Management Notes for July 2016

Date published: 05 July 2016

Management Notes are prepared by staff from the College of Agriculture, Food and Rural Enterprise (CAFRE). Questions and comments are welcome to allow CAFRE to address the issues that are important to you. Please contact the author directly. CAFRE is a college within the Department of Agriculture, Environment and Rural Affairs (DAERA).

The depth of the compacted soil layer determines the type of machine to use.


Prepared by: Michael Garvey


telephone:     028 3752 9054                                            

Pre-reseed soil aeration

Fields for reseeding may benefit from improved soil aeration, as compacted soil restricts root growth and reduces the response to applied nitrogen (N). Dig test holes at least 40 cm deep to determine the extent of any problem and the depth of the compacted layer. Visible signs of compacted soils include a structure that is hard to break up, shallow roots growing horizontally, absence of worms, foul smell, grey colour or brown mottling. The depth of the compacted layer determines the type of machine that should be used to rectify the problem. A range of machines are available from soil aerators to sub-soilers.

July grass

Achieving excellent performance from your grass is critical for your business. Good grazing conditions and available aftergrass means your herd has an opportunity to graze quality grass with the potential to produce maintenance +18 litres of milk.

In the Greenmount Future Herd the aim is to ensure both grass quality and quantity are optimised. Grass covers across the entire grazing area are visually assessed weekly so that cows are grazing high quality swards (2800-3000 kg dry matter per hectare). A combination of round baling areas where grass covers have exceeded the target pre-grazing cover, along with topping and the use of silage aftermaths maintains good grass quality. To maximise grass intakes, the grazing area (hectares per day) is calculated daily using pre- and post-grazing measurements, with a target grass intake of 15 kg dry matter per cow per day. Cows are fed to yield in the milking parlour, with a current setting of M+18 for cows and M+ 14 for heifers using 0.45 kg per litre above the M+ level for each cow.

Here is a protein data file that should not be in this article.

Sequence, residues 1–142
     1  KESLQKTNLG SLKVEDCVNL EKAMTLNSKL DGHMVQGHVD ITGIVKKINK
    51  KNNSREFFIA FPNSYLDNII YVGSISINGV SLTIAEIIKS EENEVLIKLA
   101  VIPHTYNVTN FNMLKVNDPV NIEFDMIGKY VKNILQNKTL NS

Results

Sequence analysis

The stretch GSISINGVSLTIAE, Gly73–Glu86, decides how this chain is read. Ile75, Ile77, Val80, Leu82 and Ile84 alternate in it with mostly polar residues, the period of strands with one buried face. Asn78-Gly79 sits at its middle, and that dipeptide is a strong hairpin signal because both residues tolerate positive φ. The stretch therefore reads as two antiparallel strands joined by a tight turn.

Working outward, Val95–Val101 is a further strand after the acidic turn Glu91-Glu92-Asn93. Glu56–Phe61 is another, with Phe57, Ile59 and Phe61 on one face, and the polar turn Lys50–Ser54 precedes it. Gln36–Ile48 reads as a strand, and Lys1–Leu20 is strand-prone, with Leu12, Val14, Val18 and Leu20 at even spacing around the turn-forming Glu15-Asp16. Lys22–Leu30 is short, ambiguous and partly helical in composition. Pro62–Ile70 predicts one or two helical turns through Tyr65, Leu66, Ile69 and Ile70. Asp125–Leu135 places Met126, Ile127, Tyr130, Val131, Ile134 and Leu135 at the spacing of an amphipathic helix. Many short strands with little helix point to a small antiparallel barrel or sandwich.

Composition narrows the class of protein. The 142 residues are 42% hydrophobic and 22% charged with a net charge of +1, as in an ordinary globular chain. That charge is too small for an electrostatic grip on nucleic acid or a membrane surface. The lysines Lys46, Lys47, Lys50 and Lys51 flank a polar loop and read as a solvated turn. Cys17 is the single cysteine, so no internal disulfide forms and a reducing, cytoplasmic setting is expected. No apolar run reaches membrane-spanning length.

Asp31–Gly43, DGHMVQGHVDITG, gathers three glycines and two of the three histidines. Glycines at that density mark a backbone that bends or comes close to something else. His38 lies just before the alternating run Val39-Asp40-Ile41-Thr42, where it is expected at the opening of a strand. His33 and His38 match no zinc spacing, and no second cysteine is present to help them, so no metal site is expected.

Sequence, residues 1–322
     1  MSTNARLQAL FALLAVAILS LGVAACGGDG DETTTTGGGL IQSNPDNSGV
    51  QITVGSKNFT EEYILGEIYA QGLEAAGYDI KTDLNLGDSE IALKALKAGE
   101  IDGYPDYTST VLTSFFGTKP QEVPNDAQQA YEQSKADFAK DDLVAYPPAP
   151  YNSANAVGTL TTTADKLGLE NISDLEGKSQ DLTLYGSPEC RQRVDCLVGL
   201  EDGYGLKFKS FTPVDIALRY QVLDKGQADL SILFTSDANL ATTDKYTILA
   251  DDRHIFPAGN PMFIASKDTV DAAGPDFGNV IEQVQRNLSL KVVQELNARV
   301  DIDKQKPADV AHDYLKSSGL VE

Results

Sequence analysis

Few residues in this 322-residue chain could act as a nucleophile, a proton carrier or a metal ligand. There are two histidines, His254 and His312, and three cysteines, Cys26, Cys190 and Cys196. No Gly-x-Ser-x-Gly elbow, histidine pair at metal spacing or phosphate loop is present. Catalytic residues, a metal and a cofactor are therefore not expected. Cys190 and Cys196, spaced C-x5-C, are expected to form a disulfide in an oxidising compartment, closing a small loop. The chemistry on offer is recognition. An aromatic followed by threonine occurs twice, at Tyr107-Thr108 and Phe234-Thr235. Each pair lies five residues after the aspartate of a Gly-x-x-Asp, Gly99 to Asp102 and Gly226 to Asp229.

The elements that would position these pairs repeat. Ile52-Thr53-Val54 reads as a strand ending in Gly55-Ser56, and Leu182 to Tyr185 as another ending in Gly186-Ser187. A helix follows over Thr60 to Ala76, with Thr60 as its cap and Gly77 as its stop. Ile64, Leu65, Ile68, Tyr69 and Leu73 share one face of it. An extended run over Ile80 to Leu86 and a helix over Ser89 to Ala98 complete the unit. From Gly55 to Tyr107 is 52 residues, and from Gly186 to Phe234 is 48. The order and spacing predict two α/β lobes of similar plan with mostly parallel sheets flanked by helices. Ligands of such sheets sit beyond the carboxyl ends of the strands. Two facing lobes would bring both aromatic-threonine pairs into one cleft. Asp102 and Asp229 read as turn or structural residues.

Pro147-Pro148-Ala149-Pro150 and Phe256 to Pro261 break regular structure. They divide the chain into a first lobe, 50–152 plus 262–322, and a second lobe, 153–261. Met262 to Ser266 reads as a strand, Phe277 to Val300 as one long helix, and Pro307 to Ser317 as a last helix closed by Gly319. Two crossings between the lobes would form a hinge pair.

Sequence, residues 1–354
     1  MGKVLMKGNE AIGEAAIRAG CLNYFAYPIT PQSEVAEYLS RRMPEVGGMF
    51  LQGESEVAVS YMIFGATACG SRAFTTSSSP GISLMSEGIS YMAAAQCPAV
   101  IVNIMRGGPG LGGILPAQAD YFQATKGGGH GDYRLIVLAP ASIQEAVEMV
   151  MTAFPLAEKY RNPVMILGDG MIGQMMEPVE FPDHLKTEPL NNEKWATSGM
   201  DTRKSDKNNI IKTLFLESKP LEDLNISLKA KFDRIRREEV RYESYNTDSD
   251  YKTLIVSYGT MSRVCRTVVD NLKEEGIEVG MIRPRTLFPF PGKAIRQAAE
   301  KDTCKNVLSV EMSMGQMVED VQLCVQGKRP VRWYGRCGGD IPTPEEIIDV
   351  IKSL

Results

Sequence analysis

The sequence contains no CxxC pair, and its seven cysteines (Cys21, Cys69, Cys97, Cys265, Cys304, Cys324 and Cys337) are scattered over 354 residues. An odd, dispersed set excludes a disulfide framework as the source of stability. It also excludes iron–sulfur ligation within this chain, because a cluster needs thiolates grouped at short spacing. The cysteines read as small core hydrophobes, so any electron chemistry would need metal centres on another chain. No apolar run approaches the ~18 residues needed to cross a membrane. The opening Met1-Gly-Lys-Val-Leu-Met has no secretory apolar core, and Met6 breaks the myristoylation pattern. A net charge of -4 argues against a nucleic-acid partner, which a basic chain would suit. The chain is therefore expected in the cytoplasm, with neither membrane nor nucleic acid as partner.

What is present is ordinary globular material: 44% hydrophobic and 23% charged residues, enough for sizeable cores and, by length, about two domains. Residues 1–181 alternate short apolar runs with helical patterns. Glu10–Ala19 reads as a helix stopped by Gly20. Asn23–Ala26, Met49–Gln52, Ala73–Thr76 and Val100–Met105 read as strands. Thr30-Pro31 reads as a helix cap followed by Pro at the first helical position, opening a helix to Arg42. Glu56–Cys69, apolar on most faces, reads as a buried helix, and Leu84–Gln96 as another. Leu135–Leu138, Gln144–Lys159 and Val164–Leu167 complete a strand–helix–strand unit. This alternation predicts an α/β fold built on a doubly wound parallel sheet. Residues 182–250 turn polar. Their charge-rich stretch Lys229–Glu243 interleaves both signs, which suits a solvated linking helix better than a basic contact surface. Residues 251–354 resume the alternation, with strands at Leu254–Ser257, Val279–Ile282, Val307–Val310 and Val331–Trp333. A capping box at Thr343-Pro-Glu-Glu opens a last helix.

Continue to apply 35 kg N per hectare after each grazing round. Research at AFBI has shown calcium ammonium nitrate is the most effective source of fertilizer N during the summer months.

Calculate your forage requirements for the winter ahead now!

Have you enough first and second cut silage in your silos to meet winter requirements? If not there is still time to plan a third cut. Use the figures in tables 1 and 2 to estimate the supply and demand on your own farm.  

Firstly calculate the volume of silage in your silos by multiplying the length by the width by the height. Then convert the volume of silage to tonnes of silage by multiplying the volume by the conversion factor in table 1 at the appropriate dry matter.